- A side gig is a great way to add extra income or explore your passion outside of a full-time job.
- Look at your savings and current workload to determine if the gig economy is right for you.
- Network with other creatives to get a sense of whether or not the financial rewards are worth the extra work.
- See more stories on Insider’s business page.
Side gigs can be a lucrative way to earn extra cash or expand your horizons — but is it worth the extra stress to have a side hustle and a full-time job?
Although the last decade has seen “the gig economy” blossom and prosper like never before, the concept of the side gig has existed for ages. Anyone looking to earn more money has found that an additional job of some sort is the quickest and easiest way to gain additional financial security.
With the pandemic, millions of Americans began picking up extra “gigs” working for companies including Instacart, Amazon, Uber, and countless other businesses that filled an important niche during COVID. Women were already at the heart of the gig economy long before the pandemic, and many more found themselves starting new side jobs over this last year and a half — perhaps while also holding down full-time positions and caring for loved ones … But working a full-time job and side hustle can be incredibly time consuming, and not always doable with everyone’s schedule. Here’s how to know if doing both may be right for you.
Working “second shift”
Before COVID, many women were likely already working a “second shift” as the primary caregiver for loved ones (such as children and aging parents) and were acting as the caretaker of their home. Once the pandemic hit, millions of women added “teacher” to their list of jobs, and the lines between work life and home life became particularly blurred … Even if your partner worked from home, you most likely continued to do a majority of the domestic work. As a result, it might not be possible to put extra time and energy into a side hustle right now.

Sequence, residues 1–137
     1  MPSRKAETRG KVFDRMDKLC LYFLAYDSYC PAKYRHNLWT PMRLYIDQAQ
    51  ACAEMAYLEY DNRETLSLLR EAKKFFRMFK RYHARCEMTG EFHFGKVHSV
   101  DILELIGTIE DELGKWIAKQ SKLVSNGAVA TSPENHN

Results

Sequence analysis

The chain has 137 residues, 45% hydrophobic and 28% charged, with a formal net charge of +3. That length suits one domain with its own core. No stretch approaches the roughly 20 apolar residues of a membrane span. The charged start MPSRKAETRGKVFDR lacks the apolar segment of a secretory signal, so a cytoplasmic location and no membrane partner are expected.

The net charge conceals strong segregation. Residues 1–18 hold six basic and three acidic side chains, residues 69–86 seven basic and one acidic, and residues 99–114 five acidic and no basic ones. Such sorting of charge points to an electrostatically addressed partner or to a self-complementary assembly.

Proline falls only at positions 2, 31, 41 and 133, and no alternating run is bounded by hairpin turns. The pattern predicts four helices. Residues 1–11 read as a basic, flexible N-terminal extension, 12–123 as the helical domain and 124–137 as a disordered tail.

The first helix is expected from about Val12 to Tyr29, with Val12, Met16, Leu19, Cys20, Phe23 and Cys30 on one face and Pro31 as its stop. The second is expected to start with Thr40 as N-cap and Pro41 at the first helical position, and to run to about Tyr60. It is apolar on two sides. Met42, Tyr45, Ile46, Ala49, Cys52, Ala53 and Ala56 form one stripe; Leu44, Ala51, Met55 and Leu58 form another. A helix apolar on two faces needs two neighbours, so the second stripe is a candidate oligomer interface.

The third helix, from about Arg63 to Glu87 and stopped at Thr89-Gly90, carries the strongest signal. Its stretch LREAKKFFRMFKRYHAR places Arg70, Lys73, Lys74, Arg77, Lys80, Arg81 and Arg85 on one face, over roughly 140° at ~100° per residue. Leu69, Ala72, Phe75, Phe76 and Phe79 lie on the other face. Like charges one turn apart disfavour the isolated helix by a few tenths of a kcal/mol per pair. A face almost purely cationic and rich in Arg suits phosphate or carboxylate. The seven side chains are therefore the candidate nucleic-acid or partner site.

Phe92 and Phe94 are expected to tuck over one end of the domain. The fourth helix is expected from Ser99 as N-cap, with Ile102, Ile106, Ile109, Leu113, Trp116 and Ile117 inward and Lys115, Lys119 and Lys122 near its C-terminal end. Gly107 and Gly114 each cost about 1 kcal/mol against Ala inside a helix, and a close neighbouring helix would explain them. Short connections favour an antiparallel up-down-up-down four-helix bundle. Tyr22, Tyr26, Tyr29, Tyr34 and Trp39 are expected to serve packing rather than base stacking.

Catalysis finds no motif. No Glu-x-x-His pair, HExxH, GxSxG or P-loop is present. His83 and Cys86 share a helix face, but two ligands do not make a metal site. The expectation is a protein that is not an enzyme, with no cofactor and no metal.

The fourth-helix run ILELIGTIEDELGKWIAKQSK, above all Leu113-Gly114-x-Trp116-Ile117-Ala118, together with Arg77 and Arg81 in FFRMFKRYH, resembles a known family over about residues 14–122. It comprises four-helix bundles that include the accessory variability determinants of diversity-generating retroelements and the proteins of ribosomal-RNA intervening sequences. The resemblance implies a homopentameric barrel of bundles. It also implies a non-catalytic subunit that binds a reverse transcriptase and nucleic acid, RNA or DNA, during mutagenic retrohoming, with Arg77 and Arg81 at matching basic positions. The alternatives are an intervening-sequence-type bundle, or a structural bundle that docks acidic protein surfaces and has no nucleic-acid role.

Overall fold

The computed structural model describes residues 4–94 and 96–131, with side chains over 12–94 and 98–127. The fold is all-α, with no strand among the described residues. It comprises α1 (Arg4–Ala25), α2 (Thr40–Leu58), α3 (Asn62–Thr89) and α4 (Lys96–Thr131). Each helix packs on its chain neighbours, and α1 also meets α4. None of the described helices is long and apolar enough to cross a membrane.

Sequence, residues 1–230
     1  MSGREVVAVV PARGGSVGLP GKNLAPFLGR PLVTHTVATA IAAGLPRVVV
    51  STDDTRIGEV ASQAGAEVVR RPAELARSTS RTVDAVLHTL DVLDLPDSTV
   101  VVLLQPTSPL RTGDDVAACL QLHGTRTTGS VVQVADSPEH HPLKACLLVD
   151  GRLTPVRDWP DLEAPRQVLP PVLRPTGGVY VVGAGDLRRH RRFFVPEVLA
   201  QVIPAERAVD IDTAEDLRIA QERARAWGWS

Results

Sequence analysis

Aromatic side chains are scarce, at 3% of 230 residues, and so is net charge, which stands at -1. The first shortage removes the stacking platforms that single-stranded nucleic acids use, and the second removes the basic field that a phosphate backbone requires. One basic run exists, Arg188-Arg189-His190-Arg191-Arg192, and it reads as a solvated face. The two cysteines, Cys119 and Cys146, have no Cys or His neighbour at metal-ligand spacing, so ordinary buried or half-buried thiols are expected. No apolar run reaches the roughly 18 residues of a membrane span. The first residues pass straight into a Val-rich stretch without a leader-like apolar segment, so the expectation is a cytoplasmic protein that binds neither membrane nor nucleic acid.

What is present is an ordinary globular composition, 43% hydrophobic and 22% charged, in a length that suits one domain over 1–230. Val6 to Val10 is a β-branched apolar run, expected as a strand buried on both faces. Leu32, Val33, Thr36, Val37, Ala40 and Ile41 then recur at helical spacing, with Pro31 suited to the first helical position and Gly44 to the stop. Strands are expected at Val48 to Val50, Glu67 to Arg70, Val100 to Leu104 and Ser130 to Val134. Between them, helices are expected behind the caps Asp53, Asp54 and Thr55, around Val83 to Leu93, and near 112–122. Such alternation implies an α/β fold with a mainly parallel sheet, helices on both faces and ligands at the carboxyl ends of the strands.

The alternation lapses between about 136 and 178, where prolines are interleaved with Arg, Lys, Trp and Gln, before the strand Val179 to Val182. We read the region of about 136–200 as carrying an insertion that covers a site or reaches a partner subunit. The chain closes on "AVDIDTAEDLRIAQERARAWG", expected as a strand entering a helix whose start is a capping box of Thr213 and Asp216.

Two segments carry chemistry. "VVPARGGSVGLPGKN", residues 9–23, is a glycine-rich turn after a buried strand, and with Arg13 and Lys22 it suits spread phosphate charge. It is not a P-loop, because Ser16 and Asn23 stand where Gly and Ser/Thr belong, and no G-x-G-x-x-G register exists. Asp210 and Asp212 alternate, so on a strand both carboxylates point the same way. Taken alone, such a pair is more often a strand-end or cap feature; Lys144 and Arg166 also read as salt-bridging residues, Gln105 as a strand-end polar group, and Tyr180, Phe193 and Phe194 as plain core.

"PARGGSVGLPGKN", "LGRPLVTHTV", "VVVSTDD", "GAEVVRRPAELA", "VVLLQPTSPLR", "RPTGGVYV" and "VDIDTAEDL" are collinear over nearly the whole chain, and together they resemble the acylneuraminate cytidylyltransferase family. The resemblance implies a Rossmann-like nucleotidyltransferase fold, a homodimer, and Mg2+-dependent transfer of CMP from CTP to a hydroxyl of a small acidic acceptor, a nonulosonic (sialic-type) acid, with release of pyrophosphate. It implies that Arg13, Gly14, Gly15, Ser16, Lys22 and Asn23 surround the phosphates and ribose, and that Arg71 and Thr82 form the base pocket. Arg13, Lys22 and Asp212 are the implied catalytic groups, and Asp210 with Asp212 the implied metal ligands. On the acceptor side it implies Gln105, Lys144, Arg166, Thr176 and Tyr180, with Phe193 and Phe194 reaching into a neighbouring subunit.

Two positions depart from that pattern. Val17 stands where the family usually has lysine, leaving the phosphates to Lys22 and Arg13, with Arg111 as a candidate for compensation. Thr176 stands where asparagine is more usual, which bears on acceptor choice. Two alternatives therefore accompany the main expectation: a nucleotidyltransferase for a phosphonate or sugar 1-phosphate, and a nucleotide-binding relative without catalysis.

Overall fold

And even if you have time for a side gig, taking it on might not be the healthiest option. Over time, it can become just one more ball to juggle rather than a financial relief or a place to put your passion and energy. Finding the elusive “work-life balance” — which, by the way, is a misnomer — becomes even more of a challenge and can take a toll on your mental and physical wellness. In fact, research shows that people who work more than 55 hours a week develop depression and nervousness at a higher rate than those who work standard hours.
We all need to give ourselves a little more grace and realize that working a full-time job, a side hustle, and taking care of a household isn’t always the right choice.
Is the side gig economy right for you?
If you’re deciding whether adding a side gig to your plate is the right move, consider the following:
1. Do you have an emergency fund?
If you have an emergency fund that can cover at least three to six months of non-discretionary expenses, that’s great! And it might mean that you don’t need to take on a side gig for the sole purpose of gaining extra income.
If you don’t currently have an emergency fund — or if it’s not enough to cover the essentials for a few months — then a side gig could be beneficial. Regardless, consider putting your emergency fund in an online account that generally pays higher interest.
2. How much do you have saved for retirement?
Ideally, you should save at least 15% of your net income for retirement. If you have access to a 401(k) through your full-time job and your employer offers a match, try to contribute enough to reach your match — and don’t forget that whatever your employer is contributing counts toward your savings target!
If you don’t have a retirement plan or can’t save 15% right now, that’s okay, too. We’re all at different places with our careers and savings goals. A side job that helps you bring in extra money can help boost your savings.
3. Can you devote energy to a side gig?
Extra money is certainly nice to have, but that is only one piece to consider. A side gig takes a lot of energy, resources, and time. Make sure it’s something you’re passionate about because there will be setbacks and days when you don’t feel like you’re making progress. Research and network with people who have similar side jobs to determine what it will take to add the job to your current load. If it seems like the side gig will add too much stress or unhappiness to your life — and take away from what you’re already doing — it might not be right for you.
Ultimately, it’s important to determine whether the financial rewards of a full-time job and side hustle outweigh the potential downsides. Burnout is real and very prevalent right now as people take on too many responsibilities. It’s important to make sure you have the time and energy not just for work and home life, but for yourself as well. If your side gig becomes successful enough, however, it might just be your ticket to pursuing your passion full time.